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  #1  
Old 04/06/2007, 01:44 PM
hahnmeister hahnmeister is offline
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Hello Al, long time no see...

Hello Al, been a long time since I have seen you at a WRS meeting. I bought a Quantum meter alot like the one you have and have been conducting a similar test, as well as a 'Red Tide' Radiospectrometer to see the spectrum shift. I have been comparing the outputs of pheonix bulbs running on a PFO HQI ballast for one year, and on the the Icecap ballasts. I didnt think I had enough of a control group (not enough bulbs to declare anything... only 2 HQI running bulbs, and 2 IC bulbs), so I havent posted anything, but I did see these trends...

The Icecap ran the bulbs into the ground faster than the HQI. Granted, the Icecap has a lower output to begin with, but also over time, the Icecap degrades more than the HQI. This contradicts the claims that the e-ballast can make this bulb run longer. After one year, 8 hours per day on a timer, on the IC ballast, the pheonix bulbs were only retaining about 65% of their output. They also looked like 20,000K bulbs... very monochromatic blue.

The PFO HQI ballast ran the bulbs much brighter, and slightly whiter, but after a year of running 8 hours per day, still kept about 85% of its output! After a year, the bulbs looked whiter as well: no yellow tint, but they do look more daylight like a true 14,000K... not bad really.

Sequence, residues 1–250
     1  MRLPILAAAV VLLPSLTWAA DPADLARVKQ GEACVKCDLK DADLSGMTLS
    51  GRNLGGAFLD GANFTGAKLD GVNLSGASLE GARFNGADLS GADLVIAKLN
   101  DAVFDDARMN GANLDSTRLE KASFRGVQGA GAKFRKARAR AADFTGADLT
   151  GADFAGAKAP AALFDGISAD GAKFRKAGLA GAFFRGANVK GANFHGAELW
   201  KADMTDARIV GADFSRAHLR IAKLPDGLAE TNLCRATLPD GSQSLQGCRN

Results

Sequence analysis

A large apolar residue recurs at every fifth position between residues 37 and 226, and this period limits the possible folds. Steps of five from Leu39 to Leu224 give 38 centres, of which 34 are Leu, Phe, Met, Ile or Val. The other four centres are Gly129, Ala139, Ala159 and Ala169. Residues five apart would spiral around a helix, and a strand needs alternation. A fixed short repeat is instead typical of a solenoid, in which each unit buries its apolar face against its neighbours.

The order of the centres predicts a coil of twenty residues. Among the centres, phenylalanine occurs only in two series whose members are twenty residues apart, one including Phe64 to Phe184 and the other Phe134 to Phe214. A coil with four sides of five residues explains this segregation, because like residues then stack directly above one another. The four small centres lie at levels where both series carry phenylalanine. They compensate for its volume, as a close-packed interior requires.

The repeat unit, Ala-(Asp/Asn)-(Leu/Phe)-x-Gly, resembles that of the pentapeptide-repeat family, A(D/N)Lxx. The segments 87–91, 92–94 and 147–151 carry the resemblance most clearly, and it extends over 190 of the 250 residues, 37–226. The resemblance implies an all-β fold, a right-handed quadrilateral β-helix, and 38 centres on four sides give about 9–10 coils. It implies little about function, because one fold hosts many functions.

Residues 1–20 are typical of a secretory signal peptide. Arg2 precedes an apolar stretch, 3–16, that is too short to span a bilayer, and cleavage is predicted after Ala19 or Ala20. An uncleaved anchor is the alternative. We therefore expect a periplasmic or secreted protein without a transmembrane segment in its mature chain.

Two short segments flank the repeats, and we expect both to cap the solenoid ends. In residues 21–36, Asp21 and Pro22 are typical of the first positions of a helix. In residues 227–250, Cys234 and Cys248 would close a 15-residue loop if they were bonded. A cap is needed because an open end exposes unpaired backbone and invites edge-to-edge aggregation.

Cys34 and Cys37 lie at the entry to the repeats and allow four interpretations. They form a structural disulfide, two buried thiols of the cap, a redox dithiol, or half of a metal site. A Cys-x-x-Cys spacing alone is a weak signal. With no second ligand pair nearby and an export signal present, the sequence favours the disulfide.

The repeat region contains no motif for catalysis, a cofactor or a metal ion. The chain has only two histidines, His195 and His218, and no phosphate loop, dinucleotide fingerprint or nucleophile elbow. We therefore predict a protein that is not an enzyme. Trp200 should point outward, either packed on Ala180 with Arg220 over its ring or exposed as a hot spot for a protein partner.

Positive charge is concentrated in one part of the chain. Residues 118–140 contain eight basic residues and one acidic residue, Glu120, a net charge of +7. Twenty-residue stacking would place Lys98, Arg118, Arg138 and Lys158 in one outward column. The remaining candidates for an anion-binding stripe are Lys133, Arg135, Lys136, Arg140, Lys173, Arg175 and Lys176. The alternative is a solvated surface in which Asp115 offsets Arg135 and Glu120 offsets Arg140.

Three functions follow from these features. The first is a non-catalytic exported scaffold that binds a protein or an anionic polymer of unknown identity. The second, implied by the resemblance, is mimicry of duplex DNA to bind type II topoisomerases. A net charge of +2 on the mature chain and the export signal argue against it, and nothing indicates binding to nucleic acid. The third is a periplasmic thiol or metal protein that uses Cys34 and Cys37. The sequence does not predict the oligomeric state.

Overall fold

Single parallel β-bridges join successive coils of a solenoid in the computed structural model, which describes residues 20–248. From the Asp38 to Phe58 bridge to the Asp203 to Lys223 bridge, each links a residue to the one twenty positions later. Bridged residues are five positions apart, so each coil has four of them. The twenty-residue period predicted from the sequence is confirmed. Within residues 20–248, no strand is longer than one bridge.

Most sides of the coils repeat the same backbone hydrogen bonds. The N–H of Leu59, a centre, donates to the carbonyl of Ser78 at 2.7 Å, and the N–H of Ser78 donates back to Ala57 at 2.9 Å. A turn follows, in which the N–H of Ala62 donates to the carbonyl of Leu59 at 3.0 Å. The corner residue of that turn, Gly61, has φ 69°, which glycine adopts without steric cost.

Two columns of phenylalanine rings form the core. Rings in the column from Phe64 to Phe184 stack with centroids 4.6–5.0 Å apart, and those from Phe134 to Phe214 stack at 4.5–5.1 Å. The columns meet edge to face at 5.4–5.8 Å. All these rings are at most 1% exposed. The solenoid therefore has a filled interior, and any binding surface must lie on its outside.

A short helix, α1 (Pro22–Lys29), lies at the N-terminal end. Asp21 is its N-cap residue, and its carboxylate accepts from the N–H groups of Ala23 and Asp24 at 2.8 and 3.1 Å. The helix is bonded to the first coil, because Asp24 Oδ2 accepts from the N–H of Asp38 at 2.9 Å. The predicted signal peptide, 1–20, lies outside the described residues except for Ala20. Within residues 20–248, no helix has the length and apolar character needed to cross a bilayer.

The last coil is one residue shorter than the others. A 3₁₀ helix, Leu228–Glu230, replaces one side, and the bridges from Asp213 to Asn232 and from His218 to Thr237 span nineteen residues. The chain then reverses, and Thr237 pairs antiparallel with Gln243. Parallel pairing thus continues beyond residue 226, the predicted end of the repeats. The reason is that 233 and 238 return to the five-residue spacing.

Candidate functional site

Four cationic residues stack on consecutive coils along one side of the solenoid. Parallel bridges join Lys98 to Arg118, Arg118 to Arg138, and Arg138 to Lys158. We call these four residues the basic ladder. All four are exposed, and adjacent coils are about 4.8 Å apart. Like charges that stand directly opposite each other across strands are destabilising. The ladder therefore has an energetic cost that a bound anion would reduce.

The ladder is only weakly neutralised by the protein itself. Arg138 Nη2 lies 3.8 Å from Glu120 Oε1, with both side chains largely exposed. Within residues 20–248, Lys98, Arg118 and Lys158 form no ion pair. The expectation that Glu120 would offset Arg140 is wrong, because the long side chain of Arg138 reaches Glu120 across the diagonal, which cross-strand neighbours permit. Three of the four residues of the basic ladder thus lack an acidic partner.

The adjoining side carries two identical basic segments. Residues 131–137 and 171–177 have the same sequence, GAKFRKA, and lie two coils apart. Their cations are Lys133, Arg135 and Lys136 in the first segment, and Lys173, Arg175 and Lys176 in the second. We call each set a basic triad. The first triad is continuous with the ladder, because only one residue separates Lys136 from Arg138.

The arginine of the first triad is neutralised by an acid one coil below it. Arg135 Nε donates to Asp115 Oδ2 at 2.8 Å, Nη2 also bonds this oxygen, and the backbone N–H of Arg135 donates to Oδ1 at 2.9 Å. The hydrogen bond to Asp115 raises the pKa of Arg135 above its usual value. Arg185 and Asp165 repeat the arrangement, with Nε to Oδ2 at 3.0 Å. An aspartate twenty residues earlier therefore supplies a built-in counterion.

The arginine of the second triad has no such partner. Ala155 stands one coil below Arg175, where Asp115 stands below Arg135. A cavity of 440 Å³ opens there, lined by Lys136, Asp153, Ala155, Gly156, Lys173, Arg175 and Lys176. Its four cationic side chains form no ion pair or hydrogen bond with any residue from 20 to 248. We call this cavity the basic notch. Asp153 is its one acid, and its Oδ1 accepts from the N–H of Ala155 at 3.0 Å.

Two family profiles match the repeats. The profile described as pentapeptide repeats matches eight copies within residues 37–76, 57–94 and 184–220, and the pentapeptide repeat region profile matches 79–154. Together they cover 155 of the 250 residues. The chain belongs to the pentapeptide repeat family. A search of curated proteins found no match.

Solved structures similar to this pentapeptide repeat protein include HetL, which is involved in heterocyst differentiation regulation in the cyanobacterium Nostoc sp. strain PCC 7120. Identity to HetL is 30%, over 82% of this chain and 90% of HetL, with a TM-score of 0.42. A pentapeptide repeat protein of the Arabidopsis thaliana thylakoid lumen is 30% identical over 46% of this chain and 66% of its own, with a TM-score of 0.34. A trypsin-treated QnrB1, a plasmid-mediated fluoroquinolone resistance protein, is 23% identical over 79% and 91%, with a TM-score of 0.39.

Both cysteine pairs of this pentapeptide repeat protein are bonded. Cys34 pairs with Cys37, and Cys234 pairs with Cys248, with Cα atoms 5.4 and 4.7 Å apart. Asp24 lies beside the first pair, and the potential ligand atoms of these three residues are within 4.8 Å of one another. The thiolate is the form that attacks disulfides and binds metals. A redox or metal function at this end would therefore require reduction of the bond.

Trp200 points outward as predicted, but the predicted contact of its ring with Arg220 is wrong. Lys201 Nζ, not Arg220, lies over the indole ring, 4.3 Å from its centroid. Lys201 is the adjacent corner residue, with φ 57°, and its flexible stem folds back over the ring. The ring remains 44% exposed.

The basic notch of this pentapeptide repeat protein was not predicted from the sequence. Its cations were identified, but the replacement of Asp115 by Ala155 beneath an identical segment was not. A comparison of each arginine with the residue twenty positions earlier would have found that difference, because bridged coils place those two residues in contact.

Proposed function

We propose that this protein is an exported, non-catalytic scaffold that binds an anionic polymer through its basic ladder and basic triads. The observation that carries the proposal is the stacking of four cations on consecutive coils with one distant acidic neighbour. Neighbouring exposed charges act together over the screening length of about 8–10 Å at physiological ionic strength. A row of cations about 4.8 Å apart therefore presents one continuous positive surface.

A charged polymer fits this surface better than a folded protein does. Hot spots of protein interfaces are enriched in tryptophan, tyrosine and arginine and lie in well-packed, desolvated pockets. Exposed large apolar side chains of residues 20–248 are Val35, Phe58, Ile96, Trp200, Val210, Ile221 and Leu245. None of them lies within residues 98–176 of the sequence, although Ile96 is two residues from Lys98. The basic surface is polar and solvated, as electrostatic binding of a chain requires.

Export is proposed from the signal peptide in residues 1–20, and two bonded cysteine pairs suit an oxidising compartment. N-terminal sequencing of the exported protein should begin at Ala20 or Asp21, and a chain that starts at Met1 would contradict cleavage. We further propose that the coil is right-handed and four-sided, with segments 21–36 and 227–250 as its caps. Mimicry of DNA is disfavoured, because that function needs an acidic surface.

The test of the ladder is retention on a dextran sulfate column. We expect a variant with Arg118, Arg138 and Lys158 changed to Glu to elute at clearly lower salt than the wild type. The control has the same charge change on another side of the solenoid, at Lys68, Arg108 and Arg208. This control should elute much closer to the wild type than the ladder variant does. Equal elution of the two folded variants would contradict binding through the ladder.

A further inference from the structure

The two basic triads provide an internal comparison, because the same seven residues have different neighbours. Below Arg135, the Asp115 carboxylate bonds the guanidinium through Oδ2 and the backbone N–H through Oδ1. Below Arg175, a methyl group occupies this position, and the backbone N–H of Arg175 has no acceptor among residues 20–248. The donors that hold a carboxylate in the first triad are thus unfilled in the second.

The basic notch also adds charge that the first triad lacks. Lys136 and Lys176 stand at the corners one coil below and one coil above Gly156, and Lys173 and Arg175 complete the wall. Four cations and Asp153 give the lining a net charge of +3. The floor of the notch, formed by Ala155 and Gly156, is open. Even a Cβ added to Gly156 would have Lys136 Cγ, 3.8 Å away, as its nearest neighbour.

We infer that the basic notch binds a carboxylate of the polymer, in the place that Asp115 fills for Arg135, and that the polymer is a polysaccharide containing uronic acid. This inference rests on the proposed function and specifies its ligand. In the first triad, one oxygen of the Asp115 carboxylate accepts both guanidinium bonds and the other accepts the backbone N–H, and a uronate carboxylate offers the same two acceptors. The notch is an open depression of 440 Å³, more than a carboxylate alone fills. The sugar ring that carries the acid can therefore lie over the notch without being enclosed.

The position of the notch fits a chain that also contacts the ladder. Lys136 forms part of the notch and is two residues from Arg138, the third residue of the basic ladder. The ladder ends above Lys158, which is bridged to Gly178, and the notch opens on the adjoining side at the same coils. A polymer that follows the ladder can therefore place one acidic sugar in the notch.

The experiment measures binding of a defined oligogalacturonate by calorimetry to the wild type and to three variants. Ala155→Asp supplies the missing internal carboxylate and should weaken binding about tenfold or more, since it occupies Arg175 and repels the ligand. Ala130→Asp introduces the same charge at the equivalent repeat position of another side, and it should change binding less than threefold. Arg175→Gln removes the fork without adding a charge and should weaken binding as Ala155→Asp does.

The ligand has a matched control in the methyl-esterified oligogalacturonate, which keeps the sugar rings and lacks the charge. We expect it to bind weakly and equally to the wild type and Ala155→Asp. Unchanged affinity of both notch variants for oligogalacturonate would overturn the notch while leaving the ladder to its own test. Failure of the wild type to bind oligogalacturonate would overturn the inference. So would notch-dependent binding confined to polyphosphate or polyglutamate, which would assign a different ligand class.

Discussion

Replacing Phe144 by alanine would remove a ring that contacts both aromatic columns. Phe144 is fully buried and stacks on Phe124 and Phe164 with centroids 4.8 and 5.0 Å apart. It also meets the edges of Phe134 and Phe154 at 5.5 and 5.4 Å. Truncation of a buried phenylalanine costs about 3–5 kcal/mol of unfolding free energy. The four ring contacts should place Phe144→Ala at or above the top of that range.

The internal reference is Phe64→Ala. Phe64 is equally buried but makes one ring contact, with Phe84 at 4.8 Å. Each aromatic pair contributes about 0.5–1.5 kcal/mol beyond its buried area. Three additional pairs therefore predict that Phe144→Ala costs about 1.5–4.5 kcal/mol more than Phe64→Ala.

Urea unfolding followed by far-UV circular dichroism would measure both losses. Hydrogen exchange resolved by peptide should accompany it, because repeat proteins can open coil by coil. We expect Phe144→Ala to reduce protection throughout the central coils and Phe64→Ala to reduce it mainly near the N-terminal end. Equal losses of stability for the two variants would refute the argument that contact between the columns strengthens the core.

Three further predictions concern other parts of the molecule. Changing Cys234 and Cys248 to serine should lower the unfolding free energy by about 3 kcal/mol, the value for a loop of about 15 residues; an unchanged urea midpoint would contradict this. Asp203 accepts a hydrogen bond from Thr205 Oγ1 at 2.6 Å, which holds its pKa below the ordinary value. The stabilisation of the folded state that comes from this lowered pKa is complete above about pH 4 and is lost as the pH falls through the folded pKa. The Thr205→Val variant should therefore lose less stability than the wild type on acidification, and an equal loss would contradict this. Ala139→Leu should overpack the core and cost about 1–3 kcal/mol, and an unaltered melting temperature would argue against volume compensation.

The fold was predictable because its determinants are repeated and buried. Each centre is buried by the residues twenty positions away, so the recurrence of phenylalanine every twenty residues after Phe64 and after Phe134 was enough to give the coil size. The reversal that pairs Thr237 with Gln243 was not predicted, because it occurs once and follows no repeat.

Granted, the spectral shift of the HQI may account for some of the greater PAR reading on the HQI ballast, but maybe 5% as Dana Riddle's experiments showed with an old XM 20,000K. The M80 ballast seems to be the better ballast here.

It would seem that Icecap's claim that the 'higher frequency' doesnt apply to HQI bulbs. While Im sure their technology maintains SE/probe start bulbs much better than a magnetic ballast, it isnt enough to keep the DE bulbs from degrading, or being 'underpowered'. The lower output of the IC (compared to M80) running DE bulbs should be proof enough, as if a higher frequency is supposed to make up for lower wattage to the bulb, then the output should be the same, no? Otherwise, an underpowered halide would end up with some of its contents burning into the quartz because it doesnt get excited enough, causing the potential output from those gasses to be lost, as well as blocking the output from the remaining gasses. I mean, if a higher frequency is supposed to make up for less power, then we should see just as many photons from a HQI run bulb as a IC one, right?
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  #2  
Old 04/06/2007, 02:19 PM
ReeferAl ReeferAl is offline
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Re: Hello Al, long time no see...

Quote:
<a href=showthread.php?s=&postid=9661900#post9661900 target=_blank>Originally posted</a> by hahnmeister
After one year, 8 hours per day on a timer, on the IC ballast, the pheonix bulbs were only retaining about 65% of their output.